Features of the “Trade Secret Protection” Laws and Control Practice in Mainland China

December 2023

Teresa Huang

Mainland China does not have a law dedicated to the protection of “trade secrets.”  Instead, a diverse set of laws is applied, mainly including the Anti-Unfair Competition Law, the Civil Code, the Criminal Law, the Provisions of the Supreme People’s Court on Several Issues Concerning the Application of Law in the Trial of Civil Cases Involving the Infringement of Trade Secrets, and the Interpretation of the Supreme People’s Court and the Supreme People’s Procuratorate on Several Issues Concerning the Specific Application of Law in Handling Criminal Cases Involving the Infringement of Intellectual Property Rights.

According to the legal definitions in Mainland China, the determination of whether business information constitutes “trade secrets” requires an examination of the three elements: “secrecy,” ” value,” and “confidentiality.” Courts will make case-by-case determination based on specific circumstances.  Legal liabilities for violating “trade secret” protection regulations include criminal, civil, and administrative liabilities.  Moreover, when meeting specific statutory requirements, the court may take preservation measures against the alleged infringer.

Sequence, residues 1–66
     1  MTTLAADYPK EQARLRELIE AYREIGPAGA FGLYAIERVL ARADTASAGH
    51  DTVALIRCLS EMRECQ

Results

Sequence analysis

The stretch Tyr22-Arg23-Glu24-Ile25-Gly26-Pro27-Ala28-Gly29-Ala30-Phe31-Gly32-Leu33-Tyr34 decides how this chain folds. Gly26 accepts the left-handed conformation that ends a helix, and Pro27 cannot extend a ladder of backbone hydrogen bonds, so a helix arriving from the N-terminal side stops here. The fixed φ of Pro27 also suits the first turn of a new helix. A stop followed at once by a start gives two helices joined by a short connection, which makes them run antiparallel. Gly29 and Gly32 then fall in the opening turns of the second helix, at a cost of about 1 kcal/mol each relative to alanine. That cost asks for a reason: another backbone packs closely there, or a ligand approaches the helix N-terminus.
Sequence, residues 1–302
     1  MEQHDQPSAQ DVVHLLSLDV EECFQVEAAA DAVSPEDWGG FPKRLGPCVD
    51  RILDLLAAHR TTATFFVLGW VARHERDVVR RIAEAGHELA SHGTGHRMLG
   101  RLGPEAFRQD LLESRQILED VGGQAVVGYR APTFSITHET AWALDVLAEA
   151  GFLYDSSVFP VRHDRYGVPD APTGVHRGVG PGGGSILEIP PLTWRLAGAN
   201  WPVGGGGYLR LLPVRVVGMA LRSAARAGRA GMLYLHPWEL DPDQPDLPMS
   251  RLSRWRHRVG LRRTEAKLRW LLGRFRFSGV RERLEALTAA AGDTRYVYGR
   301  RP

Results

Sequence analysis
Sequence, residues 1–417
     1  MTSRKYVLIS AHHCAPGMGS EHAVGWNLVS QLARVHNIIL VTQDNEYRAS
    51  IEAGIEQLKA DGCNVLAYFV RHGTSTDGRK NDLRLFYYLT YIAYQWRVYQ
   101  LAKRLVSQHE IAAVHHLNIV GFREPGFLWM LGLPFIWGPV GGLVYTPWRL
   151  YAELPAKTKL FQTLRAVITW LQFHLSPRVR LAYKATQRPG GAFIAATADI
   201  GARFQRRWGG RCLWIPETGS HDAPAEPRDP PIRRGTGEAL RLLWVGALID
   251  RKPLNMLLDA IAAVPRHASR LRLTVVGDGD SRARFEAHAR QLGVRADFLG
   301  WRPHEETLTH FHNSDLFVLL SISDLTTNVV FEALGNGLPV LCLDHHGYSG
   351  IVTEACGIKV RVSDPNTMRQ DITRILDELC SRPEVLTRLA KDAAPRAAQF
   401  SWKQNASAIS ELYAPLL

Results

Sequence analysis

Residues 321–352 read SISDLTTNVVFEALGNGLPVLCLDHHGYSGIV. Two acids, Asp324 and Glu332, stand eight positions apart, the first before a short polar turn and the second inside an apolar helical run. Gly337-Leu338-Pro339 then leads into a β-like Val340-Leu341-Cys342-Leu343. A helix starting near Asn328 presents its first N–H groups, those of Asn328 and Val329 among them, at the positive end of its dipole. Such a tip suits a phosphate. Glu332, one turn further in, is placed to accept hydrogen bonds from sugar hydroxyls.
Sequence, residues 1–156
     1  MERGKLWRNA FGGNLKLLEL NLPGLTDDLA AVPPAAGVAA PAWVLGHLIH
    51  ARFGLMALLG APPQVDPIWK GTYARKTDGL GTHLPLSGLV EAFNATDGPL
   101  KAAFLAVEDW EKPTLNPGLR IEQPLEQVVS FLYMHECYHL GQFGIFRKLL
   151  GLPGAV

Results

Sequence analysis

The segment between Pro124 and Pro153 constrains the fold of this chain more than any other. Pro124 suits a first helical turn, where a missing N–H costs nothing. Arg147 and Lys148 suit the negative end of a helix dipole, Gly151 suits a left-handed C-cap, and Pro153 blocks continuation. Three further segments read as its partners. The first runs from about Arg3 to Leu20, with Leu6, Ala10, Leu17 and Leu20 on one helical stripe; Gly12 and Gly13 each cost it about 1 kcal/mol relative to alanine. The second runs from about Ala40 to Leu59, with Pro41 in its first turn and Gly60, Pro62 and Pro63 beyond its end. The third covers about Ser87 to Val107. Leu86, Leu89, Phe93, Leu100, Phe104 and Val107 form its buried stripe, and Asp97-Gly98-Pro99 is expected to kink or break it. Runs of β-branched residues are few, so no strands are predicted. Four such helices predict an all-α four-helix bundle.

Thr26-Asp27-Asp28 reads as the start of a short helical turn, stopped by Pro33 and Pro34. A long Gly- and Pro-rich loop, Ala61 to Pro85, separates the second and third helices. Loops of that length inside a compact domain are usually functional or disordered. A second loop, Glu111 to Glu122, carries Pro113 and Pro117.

In recent years, as the Chinese government has prioritized strengthening the protection of trade secrets as a crucial mission to enhance the fight against unfair competition and strengthen the protection of intellectual property rights, various local governments have successively issued normative guidelines.  Therefore, when implementing measures for the protection of trade secrets in Mainland China, it is advisable to stay informed about relevant judicial interpretations, guiding or landmark cases, which can help understand the court’s approach to handle specific situations and stay updated on the latest practical guidance from prosecuting authorities.  Additionally, prevention is definitely far better than claims and remedies after the fact.  It is recommended that enterprises review whether their internal talent management systems have adopted comprehensive measures to protect their trade secrets, so as to protect their own trade secrets while avoiding unintentional infringement of others’ trade secrets.

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